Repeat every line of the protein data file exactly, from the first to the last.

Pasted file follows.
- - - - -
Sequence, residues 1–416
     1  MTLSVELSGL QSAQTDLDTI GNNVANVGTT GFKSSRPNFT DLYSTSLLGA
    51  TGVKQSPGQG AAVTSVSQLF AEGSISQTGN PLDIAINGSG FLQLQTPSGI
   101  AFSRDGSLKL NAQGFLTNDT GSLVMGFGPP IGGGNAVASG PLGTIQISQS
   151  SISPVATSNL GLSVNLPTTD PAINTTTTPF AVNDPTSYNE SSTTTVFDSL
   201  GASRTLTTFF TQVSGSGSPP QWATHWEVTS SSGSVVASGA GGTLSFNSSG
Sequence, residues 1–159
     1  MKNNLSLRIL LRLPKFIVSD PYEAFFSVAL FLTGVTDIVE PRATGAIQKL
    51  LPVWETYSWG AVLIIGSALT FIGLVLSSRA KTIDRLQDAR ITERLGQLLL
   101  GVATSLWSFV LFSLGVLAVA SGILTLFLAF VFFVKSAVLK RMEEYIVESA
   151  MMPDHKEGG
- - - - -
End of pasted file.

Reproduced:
Sequence, residues 1–416
     1  MTLSVELSGL QSAQTDLDTI GNNVANVGTT GFKSSRPNFT DLYSTSLLGA
    51  TGVKQSPGQG AAVTSVSQLF AEGSISQTGN PLDIAINGSG FLQLQTPSGI
   101  AFSRDGSLKL NAQGFLTNDT GSLVMGFGPP IGGGNAVASG PLGTIQISQS
   151  SISPVATSNL GLSVNLPTTD PAINTTTTPF AVNDPTSYNE SSTTTVFDSL
   201  GASRTLTTFF TQVSGSGSPP QWATHWEVTS SSGSVVASGA GGTLSFNSSG
Sequence, residues 1–159
     1  MKNNLSLRIL LRLPKFIVSD PYEAFFSVAL FLTGVTDIVE PRATGAIQKL
    51  LPVWETYSWG AVLIIGSALT FIGLVLSSRA KTIDRLQDAR ITERLGQLLL
   101  GVATSLWSFV LFSLGVLAVA SGILTLFLAF VFFVKSAVLK RMEEYIVESA
   151  MMPDHKEGG